Optimal line and tube placement in very preterm neonates: an audit of practice

Show simple item record

dc.contributor.author Finn, Daragh
dc.contributor.author Kinoshita, Hannah
dc.contributor.author Livingstone, Vicki
dc.contributor.author Dempsey, Eugene M.
dc.date.accessioned 2018-02-06T13:36:27Z
dc.date.available 2018-02-06T13:36:27Z
dc.date.issued 2017
dc.identifier.citation Finn, D., Kinoshita, H., Livingstone, V. and Dempsey, E. (2017) 'Optimal line and tube placement in very preterm neonates: an audit of practice', Children, 4(11), 99 (8pp). doi: 10.3390/children4110099 en
dc.identifier.volume 4
dc.identifier.issued 11
dc.identifier.startpage 1
dc.identifier.endpage 8
dc.identifier.uri http://hdl.handle.net/10468/5381
dc.identifier.doi 10.3390/children4110099
dc.description.abstract Background: Placement of endotracheal tubes (ETTs) and umbilical catheters (UCs) is essential in very preterm infant care. The aim of this study was to assess the effect of an educational initiative to optimize correct placement of ETTs and UCs in very preterm infants. Methods: A pre–post study design, evaluating optimal radiological position of ETTs and UCs in the first 72 h of life in infants <32 weeks gestational age (GA) was performed. Baseline data was obtained from a preceding 34-month period. The study intervention consisted of information from the pre-intervention audit, surface anatomy images of the newborn for optimal UC positioning, and weight-based calculations to estimate insertion depths for endotracheal intubation. A prospective evaluation of radiological placement of ETTs and UCs was then conducted over a 12-month period. Results: During the study period, 211 infants had at least one of the three procedures performed. One hundred and fifty-seven infants were included in the pre-education group, and 54 in the post-education group. All three procedures were performed in 50.3% (79/157) in the pre-education group, and 55.6% (30/54) in the post-education group. There was no significant difference in accurate placement following the introduction of the educational sessions; depth of ETTs (50% vs. 47%), umbilical arterial catheter (UAC) (40% vs. 43%,), and umbilical venous catheter (UVC)(14% vs. 23%). Conclusion: Despite education of staff on methods for appropriate ETT, UVC and UAC insertion length, the rate of accurate initial insertion depth remained suboptimal. Newer methods of determining optimal position need to be evaluated. en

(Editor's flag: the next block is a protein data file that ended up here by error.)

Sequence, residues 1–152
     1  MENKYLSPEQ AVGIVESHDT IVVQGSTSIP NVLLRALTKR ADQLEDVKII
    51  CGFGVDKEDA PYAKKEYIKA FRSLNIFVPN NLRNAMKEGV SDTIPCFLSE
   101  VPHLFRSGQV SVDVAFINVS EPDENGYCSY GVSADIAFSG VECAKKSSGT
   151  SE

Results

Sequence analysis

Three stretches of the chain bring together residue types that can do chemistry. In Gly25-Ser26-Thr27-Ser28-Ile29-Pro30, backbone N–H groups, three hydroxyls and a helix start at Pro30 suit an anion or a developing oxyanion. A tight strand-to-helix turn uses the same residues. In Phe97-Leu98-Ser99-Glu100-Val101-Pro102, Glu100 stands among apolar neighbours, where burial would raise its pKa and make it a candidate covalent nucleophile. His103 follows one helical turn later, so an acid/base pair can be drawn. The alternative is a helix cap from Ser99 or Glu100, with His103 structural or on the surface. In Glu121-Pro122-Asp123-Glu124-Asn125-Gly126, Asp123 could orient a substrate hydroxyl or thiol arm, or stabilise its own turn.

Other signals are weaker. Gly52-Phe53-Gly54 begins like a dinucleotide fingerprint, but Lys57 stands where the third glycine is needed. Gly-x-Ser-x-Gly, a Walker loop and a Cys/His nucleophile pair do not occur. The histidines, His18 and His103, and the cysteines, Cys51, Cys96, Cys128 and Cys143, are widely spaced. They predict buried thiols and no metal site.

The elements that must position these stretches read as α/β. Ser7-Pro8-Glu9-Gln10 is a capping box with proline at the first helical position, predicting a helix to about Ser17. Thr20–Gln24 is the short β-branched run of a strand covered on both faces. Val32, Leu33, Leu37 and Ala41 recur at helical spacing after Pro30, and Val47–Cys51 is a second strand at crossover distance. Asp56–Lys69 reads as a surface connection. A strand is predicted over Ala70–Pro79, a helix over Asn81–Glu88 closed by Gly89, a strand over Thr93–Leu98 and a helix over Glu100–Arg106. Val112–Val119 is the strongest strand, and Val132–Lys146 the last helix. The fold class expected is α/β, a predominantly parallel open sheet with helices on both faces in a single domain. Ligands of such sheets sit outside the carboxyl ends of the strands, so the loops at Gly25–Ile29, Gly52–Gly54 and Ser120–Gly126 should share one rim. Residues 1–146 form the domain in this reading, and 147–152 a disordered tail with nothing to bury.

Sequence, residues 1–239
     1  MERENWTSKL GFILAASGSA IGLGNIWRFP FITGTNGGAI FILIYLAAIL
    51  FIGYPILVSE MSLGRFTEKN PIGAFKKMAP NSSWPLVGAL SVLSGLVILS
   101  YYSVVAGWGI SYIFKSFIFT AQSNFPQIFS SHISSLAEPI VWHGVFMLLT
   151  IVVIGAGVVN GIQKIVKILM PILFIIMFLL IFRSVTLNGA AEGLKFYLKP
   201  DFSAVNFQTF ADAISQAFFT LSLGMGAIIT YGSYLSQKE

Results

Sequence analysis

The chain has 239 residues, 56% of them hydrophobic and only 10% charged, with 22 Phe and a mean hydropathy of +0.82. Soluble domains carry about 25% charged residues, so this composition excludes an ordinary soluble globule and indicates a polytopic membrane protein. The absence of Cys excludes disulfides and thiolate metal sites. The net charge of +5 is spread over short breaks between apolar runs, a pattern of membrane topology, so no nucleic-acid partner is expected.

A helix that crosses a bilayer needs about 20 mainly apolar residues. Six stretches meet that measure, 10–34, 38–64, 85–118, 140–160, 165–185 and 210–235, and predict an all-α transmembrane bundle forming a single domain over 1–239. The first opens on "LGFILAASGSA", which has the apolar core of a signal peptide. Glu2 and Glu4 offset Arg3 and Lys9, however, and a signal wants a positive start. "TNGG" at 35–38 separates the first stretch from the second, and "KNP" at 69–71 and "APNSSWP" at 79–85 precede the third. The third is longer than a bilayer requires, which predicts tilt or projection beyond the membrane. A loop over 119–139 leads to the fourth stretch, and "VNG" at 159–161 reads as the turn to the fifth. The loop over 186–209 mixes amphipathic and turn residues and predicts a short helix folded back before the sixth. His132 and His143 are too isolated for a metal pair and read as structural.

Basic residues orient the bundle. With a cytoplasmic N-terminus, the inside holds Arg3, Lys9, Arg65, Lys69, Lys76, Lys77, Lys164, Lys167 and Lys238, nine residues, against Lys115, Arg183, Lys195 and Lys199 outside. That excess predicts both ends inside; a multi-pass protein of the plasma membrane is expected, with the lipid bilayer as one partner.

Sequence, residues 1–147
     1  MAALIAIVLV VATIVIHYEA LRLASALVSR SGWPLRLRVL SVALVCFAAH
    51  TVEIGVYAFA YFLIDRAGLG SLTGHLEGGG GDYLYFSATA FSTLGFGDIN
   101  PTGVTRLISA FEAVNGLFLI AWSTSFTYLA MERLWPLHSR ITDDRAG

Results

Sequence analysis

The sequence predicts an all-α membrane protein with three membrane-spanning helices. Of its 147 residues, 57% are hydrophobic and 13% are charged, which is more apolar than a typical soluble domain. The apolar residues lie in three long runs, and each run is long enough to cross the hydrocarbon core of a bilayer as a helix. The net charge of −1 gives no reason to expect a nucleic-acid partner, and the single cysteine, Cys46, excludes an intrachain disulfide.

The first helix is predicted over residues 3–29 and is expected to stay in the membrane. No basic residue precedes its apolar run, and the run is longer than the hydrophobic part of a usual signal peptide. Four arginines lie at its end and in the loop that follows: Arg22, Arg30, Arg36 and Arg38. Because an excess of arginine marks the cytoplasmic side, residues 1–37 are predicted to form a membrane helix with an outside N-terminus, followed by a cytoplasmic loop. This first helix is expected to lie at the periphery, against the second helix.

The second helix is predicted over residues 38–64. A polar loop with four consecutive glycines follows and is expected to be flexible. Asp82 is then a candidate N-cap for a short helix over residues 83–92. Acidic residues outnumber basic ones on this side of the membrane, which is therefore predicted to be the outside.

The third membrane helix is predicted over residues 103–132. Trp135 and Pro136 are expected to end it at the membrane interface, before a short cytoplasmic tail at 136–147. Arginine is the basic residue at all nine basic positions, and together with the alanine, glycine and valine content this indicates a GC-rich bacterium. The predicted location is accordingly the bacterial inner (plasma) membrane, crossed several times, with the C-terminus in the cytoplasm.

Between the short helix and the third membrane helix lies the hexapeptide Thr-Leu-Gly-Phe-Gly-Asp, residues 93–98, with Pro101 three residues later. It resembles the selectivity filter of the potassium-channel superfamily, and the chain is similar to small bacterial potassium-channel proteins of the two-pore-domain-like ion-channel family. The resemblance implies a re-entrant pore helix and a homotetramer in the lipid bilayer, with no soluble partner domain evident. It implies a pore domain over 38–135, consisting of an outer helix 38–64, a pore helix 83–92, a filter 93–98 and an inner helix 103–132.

dc.format.mimetype application/pdf en
dc.language.iso en en
dc.publisher MDPI AG en
dc.relation.uri http://www.mdpi.com/2227-9067/4/11/99
dc.rights © 2017, the authors. Licensee MDPI, Basel, Switzerland. This article is an open access article distributed under the terms and conditions of the Creative Commons Attribution (CC BY) license (http://creativecommons.org/licenses/by/4.0/). en
dc.rights.uri http://creativecommons.org/licenses/by/4.0/
dc.subject Neonatal en
dc.subject Preterm infant en
dc.subject Newborn intubation en
dc.subject Umbilical venous catheter en
dc.subject Umbilical arterial catheter en
dc.title Optimal line and tube placement in very preterm neonates: an audit of practice en
dc.type Article (peer-reviewed) en
dc.internal.authorcontactother G.Dempsey@ucc.ie en
dc.internal.availability Full text available en
dc.description.version Published Version en
dc.internal.wokid WOS:000416603800007
dc.contributor.funder Science Foundation Ireland
dc.description.status Peer reviewed en
dc.identifier.journaltitle Children en
dc.internal.IRISemailaddress Eugene Dempsey, Paediatrics & Child Health, University College Cork, Cork, Ireland. +353-21-490-3000 Email: g.dempsey@ucc.ie en
dc.identifier.articleid 99
dc.relation.project info:eu-repo/grantAgreement/SFI/SFI Research Centres/12/RC/2272s/IE/Irish Centre for Fetal and Neonatal Translational Research (INFANT) - EU Grant Manager/


Files in this item

This item appears in the following Collection(s)

Show simple item record

© 2017, the authors. Licensee MDPI, Basel, Switzerland. This article is an open access article distributed under the terms and conditions of the Creative Commons Attribution (CC BY) license (http://creativecommons.org/licenses/by/4.0/). Except where otherwise noted, this item's license is described as © 2017, the authors. Licensee MDPI, Basel, Switzerland. This article is an open access article distributed under the terms and conditions of the Creative Commons Attribution (CC BY) license (http://creativecommons.org/licenses/by/4.0/).
This website uses cookies. By using this website, you consent to the use of cookies in accordance with the UCC Privacy and Cookies Statement. For more information about cookies and how you can disable them, visit our Privacy and Cookies statement